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How to be stupid in business Featured

8:00pm EDT July 26, 2001
It amazes me how stupid people are and how we get treated as customers.

It's like seeing those buttons companies provide for employees with the slogan, ''Yes I Can,'' then everything you ask them ends with ''No'' or ''I can't do that.''

There's no real secret to customer service and it doesn't involve magic; it just involves common sense, a good attitude and a simple set of rules. When Nordstrom opened last year, there was a big fuss over its incredible customer service. Don't get me wrong: The employees are great at what they do and it is a benchmark company. But, think about what -- or who -- makes it great.

When it opened, it did not transplant 400-plus people from Seattle. Instead, it hired people who were working at other department stores, trained them and offered them the latitude to make customers happy.

While Nordstrom's customer service is strong, that of many of its competitors is not. Here are stupid things you're wont to see in a department store:

  • Signs allowing only three garments at a time in a dressing room. Why? To deter shoplifting, the stores claim. But, studies reveal only a scant 3 percent of people shoplift, and most shoplifting is an internal problem. There's nothing quite like offending and limiting your customers before they buy something.
  • Waiting in line while the salesperson answers the phone. It makes you wonder whether they're trained to get names and phone numbers, then return the call once the customer standing in front of them has been helped.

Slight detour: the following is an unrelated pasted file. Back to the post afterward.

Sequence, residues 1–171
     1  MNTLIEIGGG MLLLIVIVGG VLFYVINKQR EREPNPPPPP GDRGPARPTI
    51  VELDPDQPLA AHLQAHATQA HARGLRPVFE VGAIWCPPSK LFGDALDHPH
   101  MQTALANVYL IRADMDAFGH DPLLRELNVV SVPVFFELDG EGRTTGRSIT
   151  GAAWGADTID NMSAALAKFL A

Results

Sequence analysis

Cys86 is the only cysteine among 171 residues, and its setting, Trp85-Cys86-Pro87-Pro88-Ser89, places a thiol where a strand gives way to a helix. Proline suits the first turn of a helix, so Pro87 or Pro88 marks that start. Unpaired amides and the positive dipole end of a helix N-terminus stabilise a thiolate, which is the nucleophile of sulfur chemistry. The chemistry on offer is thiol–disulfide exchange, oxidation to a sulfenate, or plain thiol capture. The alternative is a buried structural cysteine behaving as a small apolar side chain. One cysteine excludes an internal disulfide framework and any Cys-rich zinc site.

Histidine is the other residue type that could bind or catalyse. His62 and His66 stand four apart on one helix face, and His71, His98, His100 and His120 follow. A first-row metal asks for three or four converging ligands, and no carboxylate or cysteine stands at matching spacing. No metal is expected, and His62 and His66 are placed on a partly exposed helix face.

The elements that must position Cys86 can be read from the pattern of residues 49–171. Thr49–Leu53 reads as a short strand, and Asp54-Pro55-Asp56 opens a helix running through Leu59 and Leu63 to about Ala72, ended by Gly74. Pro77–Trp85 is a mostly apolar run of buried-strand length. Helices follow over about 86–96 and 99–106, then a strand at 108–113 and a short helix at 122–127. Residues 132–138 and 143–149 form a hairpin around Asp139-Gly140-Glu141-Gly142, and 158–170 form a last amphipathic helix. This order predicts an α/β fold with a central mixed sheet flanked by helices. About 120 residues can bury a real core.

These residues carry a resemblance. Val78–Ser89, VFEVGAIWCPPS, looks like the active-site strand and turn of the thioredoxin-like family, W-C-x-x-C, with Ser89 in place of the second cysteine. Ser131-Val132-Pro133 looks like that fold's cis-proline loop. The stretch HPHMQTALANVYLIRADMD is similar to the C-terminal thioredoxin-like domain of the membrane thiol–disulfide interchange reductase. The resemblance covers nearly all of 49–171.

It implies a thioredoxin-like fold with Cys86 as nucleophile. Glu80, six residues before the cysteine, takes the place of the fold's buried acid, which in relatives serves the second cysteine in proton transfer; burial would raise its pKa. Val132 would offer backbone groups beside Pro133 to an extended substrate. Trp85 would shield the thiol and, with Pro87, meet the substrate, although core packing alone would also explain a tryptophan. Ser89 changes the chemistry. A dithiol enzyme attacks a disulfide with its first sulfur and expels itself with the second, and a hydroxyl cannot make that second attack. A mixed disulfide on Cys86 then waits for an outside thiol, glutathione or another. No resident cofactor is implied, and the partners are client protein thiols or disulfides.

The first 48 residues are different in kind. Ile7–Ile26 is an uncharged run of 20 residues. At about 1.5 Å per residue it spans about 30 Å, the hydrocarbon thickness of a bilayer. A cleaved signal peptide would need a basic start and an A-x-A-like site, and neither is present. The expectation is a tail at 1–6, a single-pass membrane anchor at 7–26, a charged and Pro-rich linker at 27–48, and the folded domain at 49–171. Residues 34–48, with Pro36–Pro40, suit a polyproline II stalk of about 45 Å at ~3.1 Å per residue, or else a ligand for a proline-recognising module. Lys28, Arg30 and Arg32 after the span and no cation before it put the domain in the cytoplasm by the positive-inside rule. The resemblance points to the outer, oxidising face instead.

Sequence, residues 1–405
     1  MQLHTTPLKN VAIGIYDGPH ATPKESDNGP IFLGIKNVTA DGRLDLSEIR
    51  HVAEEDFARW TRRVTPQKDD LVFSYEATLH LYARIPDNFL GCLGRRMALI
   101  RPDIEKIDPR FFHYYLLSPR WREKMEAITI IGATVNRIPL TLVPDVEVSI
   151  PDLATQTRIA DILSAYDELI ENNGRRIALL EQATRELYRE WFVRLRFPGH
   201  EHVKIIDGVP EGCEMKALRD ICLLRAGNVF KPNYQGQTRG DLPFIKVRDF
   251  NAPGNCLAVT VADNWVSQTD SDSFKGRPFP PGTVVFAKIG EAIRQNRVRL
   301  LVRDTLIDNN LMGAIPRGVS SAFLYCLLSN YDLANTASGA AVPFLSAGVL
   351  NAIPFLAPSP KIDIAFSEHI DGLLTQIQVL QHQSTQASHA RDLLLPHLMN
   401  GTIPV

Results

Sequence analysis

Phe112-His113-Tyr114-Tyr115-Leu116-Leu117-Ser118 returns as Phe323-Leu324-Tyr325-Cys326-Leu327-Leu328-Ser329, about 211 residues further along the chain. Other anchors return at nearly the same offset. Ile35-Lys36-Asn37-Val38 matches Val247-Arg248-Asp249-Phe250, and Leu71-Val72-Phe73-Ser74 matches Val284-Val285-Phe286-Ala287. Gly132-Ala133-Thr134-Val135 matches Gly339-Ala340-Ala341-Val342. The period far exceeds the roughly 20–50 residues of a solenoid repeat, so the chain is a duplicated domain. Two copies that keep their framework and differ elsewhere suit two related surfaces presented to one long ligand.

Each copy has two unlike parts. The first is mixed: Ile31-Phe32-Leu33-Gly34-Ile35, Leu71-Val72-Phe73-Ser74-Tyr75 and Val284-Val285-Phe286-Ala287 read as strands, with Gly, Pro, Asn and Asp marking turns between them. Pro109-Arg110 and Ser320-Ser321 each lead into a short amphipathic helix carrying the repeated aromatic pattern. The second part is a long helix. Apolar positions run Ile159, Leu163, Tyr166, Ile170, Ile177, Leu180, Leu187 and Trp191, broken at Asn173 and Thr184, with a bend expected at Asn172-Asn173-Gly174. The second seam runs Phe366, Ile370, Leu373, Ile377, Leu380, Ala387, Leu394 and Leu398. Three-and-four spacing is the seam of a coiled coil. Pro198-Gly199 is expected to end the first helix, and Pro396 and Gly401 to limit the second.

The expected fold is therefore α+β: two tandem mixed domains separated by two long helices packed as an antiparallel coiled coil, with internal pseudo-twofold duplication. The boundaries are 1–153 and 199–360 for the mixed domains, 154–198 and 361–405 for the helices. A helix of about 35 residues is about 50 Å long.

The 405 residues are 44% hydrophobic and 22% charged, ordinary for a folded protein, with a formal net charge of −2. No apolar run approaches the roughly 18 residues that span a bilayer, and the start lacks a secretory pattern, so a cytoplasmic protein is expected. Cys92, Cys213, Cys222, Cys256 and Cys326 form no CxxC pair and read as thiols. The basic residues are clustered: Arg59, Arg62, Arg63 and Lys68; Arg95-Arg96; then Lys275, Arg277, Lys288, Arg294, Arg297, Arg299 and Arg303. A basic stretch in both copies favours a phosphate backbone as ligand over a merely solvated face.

Many poor customer service issues can be avoided if store managers spend time observing department managers and coaching salespeople to ensure customers are taken care of properly. If you want your business to be first class, fill it with first-class people and train them well.

This was reinforced when I visited several Southern states to teach business owners how to ensure their employees are nice to customers. Here are eight lessons I learned from talking with these owners.

  1. Be nice all the time.
  2. Treat people with respect. If you want to be treated nicely, recognize that everyone else does, too.
  3. Keep your word. If you say you'll call back in 15 minutes, do it.
  4. Don't say, ''I don't know.'' Replace that with ''Let me find out.''
  5. Look people in the eye and smile. People love a warm smile.
  6. Have a sense of humor. The more fun you have, the more your customers will, too. Southwest Airlines has made a science out of this concept.
  7. Be empathetic. Put yourself in the customer's role and try to understand how he or she feels dealing with you or your business.
  8. Did I say be nice? I can't stress that enough.

If you teach your staff to treat people the way you want to be treated, you'll find your business will earn a reputation for good customer service. And in a tight economy, when consumers can choose where to spend their dollars, building customer loyalty is imperative to long-term success.

Hal Becker is a nationally known speaker on sales and customer service. He is the author of two best-selling books, ''Can I have 5 minutes of your time?'' and ''Lip Service.''

Hal Becker's website